Sole Proprietor vs Single Member, LLC (And How to Decide Which Is Best For You)

Knowing which is better, Sole Proprietor vs Single Member LLC, when it comes to setting up your business can be tough. When you’re an independent contractor, you’re busy actually running your business and hardly have time to sort through all the details!

So in this post, we’ll take a look at the differences between sole proprietors and Single Member LLCs.

Let’s dive in!

Sole Proprietor vs Single Member LLC

does an independant contractor need an llc

Sole proprietors and single member LLCs are often very similar. There are pros and cons to each choice of entity.

A single individual owns both business types. Both of them file taxes on their personal income tax returns (using Schedule C). Both are personally responsible for all self-employment taxes and business debts.

However, an LLC gives you a few choices that could be an advantage to you depending on your particular situation. Forbes has a good article that goes into more detail on “Sole Proprietorship Vs LLC” with good FAQs at the end if you want to dig further into the topic.

Here are a few of the key points they make:

  1. An LLC gives you tax options. As we pointed out earlier, a sole proprietor is automatically taxed as a self-employed individual. And unless you specify otherwise, so is an LLC. Your taxes are filed using Schedule C, and you are responsible for all of your Social Security and Medicare taxes. However, if you choose to structure your company as an LLC, you have the option of being taxed as a corporation. In that case, you can become an employee of the company. As your company begins making significant profits, you may want to talk to our tax advisors about the advantages of making such an adjustment to your business structure.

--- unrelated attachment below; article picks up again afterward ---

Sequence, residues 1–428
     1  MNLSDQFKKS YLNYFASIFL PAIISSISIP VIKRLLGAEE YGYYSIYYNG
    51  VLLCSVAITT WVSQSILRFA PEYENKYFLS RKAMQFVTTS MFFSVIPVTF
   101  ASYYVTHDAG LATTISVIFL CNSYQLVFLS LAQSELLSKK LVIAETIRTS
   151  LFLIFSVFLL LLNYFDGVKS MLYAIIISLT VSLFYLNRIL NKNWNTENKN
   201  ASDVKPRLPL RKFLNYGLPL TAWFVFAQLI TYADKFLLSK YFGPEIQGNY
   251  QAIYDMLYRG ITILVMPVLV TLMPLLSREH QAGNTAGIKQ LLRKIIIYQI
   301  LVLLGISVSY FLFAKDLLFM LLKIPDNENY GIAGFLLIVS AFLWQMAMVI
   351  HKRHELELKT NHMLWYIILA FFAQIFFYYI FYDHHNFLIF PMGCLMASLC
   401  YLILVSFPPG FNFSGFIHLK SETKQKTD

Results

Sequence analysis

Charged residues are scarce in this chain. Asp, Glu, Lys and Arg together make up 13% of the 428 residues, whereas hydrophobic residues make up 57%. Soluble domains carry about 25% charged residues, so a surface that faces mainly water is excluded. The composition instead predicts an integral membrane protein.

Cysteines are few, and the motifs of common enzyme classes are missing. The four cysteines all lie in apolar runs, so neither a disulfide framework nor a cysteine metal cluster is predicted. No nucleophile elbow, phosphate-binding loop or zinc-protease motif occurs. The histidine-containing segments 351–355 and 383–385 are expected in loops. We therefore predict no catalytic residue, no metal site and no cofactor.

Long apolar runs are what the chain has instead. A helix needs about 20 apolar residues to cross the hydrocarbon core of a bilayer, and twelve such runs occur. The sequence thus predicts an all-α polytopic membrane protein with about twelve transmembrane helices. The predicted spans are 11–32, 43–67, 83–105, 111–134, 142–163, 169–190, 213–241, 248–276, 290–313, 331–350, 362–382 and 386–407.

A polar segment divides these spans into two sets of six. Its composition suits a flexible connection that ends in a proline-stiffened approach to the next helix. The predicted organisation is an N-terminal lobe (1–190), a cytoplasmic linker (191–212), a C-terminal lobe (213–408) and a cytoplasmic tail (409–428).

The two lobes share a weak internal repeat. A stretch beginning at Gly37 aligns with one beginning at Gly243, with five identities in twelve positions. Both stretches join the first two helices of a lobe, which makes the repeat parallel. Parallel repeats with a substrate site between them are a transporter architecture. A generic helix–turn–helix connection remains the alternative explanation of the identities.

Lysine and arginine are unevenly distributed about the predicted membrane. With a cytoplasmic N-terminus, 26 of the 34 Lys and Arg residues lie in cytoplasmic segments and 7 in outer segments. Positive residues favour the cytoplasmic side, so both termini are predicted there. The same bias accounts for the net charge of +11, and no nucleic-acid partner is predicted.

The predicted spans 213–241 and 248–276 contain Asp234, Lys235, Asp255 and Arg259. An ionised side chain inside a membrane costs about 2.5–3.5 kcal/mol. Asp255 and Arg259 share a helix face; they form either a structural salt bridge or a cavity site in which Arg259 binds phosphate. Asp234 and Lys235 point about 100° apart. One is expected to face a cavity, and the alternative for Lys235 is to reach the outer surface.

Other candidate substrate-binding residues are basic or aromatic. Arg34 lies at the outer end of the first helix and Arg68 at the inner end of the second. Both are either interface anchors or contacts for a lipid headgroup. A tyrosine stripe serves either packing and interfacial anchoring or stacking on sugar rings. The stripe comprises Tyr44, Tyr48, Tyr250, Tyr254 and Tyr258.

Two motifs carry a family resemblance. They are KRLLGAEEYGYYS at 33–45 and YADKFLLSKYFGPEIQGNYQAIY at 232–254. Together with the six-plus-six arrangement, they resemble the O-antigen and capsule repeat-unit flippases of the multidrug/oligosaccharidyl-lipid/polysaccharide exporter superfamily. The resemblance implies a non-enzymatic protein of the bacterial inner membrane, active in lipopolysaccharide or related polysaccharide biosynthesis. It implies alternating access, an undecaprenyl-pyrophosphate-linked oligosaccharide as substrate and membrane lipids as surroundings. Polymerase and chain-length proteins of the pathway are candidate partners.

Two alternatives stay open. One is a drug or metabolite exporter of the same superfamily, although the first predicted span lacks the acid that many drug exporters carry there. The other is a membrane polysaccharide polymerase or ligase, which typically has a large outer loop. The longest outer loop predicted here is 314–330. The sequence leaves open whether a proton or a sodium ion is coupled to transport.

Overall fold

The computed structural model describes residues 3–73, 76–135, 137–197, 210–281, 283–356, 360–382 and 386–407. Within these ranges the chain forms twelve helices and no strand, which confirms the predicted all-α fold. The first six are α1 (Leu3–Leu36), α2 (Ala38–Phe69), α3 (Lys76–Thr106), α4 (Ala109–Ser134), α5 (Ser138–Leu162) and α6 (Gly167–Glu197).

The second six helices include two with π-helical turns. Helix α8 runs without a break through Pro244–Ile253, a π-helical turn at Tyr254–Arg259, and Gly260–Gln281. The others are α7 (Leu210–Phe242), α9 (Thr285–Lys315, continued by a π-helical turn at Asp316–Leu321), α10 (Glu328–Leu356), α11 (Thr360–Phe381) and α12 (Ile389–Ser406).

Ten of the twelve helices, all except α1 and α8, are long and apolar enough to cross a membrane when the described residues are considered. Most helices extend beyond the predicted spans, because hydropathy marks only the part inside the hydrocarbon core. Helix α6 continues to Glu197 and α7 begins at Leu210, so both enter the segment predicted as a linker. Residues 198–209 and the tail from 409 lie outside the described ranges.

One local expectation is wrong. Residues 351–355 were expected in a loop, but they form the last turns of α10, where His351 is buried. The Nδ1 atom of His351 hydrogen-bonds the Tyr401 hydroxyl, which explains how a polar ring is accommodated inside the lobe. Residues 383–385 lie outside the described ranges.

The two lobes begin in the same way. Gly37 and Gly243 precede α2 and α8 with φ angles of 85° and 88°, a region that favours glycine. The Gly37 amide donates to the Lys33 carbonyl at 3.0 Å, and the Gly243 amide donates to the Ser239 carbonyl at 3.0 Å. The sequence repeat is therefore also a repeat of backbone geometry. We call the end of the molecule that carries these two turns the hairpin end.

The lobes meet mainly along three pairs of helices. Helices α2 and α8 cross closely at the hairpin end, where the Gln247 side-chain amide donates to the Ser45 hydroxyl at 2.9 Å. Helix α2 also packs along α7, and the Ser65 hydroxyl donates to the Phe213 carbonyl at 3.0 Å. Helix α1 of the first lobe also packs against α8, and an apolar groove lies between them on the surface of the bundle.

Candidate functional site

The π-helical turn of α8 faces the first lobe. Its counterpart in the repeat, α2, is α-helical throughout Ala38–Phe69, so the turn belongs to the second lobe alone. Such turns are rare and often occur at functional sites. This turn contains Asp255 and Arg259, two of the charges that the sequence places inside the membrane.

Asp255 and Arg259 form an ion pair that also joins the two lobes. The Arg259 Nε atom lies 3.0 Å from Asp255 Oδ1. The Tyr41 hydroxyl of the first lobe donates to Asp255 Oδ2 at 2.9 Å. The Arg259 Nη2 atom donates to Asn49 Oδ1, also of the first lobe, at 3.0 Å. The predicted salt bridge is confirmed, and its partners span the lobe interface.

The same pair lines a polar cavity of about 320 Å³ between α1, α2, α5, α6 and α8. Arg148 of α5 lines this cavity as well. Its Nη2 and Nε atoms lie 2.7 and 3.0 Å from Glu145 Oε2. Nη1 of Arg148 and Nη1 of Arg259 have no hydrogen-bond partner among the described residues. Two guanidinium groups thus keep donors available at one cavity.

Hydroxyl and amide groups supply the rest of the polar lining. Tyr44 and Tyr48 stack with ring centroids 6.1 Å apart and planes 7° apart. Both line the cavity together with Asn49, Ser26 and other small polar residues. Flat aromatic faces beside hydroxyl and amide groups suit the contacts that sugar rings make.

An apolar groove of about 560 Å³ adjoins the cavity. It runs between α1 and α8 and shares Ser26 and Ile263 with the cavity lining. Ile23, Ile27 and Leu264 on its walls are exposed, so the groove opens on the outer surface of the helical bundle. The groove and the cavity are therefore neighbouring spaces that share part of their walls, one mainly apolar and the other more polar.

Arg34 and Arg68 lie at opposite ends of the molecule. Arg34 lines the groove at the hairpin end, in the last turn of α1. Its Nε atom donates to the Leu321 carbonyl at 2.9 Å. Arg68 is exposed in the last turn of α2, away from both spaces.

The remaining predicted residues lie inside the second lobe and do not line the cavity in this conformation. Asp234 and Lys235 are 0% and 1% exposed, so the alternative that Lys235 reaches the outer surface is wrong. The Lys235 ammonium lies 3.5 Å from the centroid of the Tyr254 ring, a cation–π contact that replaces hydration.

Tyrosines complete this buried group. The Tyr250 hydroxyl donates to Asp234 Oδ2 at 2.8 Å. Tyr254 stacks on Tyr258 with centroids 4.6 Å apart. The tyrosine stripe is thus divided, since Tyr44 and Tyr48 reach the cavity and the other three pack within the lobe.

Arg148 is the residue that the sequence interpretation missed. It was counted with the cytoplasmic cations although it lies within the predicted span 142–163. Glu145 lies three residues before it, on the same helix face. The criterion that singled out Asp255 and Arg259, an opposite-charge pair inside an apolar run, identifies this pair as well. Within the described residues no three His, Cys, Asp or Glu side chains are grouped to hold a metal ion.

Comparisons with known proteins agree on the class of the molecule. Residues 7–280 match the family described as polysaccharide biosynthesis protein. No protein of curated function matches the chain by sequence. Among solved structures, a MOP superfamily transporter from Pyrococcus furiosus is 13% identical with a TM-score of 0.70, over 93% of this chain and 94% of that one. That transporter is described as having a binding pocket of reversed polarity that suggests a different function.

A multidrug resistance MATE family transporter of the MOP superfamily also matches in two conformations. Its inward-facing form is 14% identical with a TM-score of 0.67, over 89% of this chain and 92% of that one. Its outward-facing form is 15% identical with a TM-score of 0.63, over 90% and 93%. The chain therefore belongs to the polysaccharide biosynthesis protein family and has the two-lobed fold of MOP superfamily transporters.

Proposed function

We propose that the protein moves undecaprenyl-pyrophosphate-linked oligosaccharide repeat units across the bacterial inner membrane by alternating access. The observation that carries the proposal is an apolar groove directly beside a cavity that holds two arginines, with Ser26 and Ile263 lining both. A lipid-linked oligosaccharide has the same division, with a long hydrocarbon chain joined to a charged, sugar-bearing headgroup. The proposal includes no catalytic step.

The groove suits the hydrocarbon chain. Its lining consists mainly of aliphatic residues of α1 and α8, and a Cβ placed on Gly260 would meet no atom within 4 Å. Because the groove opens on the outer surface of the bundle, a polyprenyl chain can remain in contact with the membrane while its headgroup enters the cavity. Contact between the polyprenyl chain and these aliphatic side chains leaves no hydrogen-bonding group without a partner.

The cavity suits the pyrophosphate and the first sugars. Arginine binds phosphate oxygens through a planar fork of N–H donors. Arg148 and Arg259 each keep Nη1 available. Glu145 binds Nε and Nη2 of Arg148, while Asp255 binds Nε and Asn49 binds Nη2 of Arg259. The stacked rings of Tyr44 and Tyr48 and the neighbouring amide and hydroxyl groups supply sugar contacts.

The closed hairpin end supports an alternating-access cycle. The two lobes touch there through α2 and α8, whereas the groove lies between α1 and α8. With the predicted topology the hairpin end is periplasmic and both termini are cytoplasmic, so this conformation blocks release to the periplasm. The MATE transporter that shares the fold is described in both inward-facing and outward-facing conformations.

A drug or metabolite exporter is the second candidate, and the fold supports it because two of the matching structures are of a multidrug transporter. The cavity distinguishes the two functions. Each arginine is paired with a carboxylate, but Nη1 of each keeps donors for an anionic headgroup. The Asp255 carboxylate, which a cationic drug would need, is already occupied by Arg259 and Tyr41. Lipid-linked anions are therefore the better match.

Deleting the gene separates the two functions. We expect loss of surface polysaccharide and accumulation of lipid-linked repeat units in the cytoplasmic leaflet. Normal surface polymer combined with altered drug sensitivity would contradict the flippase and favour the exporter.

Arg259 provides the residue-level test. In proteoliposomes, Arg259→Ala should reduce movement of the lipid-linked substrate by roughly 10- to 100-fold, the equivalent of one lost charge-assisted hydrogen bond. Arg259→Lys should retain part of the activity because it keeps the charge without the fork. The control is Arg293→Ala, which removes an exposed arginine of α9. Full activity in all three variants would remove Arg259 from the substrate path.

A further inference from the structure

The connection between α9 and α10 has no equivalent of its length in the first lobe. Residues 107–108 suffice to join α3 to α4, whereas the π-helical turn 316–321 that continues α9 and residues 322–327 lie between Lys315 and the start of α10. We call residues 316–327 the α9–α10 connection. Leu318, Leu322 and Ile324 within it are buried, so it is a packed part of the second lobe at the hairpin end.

2. An LLC protects your assets. It’s a great way to shield yourself from being personally liable for legal actions taken against your company. (More on that below.)
  3. An LLC allows you to easily expand your company in the future. You may be the only owner/member now, but if you decide to bring in additional members down the road having an LLC in place can make that easier.
  4. An LLC involves more fees and paperwork, though. There’s no cost involved with setting yourself up as a sole proprietor. In fact, it’s the default structure that the IRS assumes for you unless you tell them otherwise. However, there are certain legal fees and a small amount of paperwork associated with structuring your business as an LLC. It’s not enough to be overwhelming (and our team can help guide you through the process), but if you’re trying to pinch every penny as a small business it’s something to consider. Talk with one of our business pros to find out exactly what’s involved.

Does An Individual Need An LLC?

Forming an LLC can be a good idea for your business in a few situations:

  • The type of work you do tends to involve a greater risk of lawsuits. Certain industries are more vulnerable than others:
    • Construction – contract disputes